When it came to Landmark I imagined an intense, cultish bunch of enthusiasts indulging in groupthink and an innocuous brand of brainwashing – and I say that as someone who attended sessions many years ago, when it was called the Forum.

It’s funny what you remember. It’s 30 years ago for me, and by and large the impression is general, with a few memorable moments lodged in my mind.

Like JV I was a reluctant attendee. I was there because my relatively new girlfriend was gung-ho to try it. I was in love and tagged along to an information session, where I allowed myself to be persuaded to hand over my shekels and attend.

Of course by the time the course finally came around she and I had split. It made for an interesting weekend as studiously we avoided each other. Still, at one point she was one of the people waving their hand and asked to share her story. I was sufficiently roused by what she said that suddenly I felt the need to share too – though what I would share I didn’t know. Thankfully I wasn’t called upon.

That’s one of my memories of the weekend, the frequent strange and often disturbing life experiences people had to share. I was amazed to think that so many had experienced such tribulation in their life. It left me with an abiding consideration, that there are mysteries in all of us, and everyone has a story.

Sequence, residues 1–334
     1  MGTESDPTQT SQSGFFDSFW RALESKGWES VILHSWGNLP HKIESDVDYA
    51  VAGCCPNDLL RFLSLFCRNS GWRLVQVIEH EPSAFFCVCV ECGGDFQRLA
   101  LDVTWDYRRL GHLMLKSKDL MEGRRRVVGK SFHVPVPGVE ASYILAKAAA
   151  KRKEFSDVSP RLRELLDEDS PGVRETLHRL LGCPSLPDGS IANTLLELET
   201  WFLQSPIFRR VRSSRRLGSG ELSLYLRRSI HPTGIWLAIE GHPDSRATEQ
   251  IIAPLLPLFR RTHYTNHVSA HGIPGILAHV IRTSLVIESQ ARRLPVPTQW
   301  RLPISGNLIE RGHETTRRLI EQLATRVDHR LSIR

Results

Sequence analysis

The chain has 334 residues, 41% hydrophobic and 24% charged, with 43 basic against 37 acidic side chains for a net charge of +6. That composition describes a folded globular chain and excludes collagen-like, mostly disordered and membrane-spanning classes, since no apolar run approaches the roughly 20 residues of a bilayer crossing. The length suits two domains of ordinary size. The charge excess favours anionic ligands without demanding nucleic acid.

I felt like a minnow in comparison. I felt as if my story was of a relatively well-adjusted young man, but I was probably wrong. Certainly though, I’d not had my family killed in a murder suicide, I’d not had my kids die in a car accident, I’d not even been harassed and mistreated as a child.

There was one story particularly that lodged in my memory, but for all the wrong reasons. Amid the stories of tragedy and woe there was one young guy who stood up when called upon. He was olive skinned with dark curly hair and sensuous lips – I can still picture him. He related to us how as a teenager in Tel Aviv, where he came from, he would sneak into the zoo and – there’s no other way to put it – commit acts of bestiality with the animals there.

There had been many confronting stories told on that day, but this one was somehow different, and you could feel it in the room. I know I looked upon him with fascinated wonder. It’s not something you could imagine; and certainly not something you could imagine someone owning up to.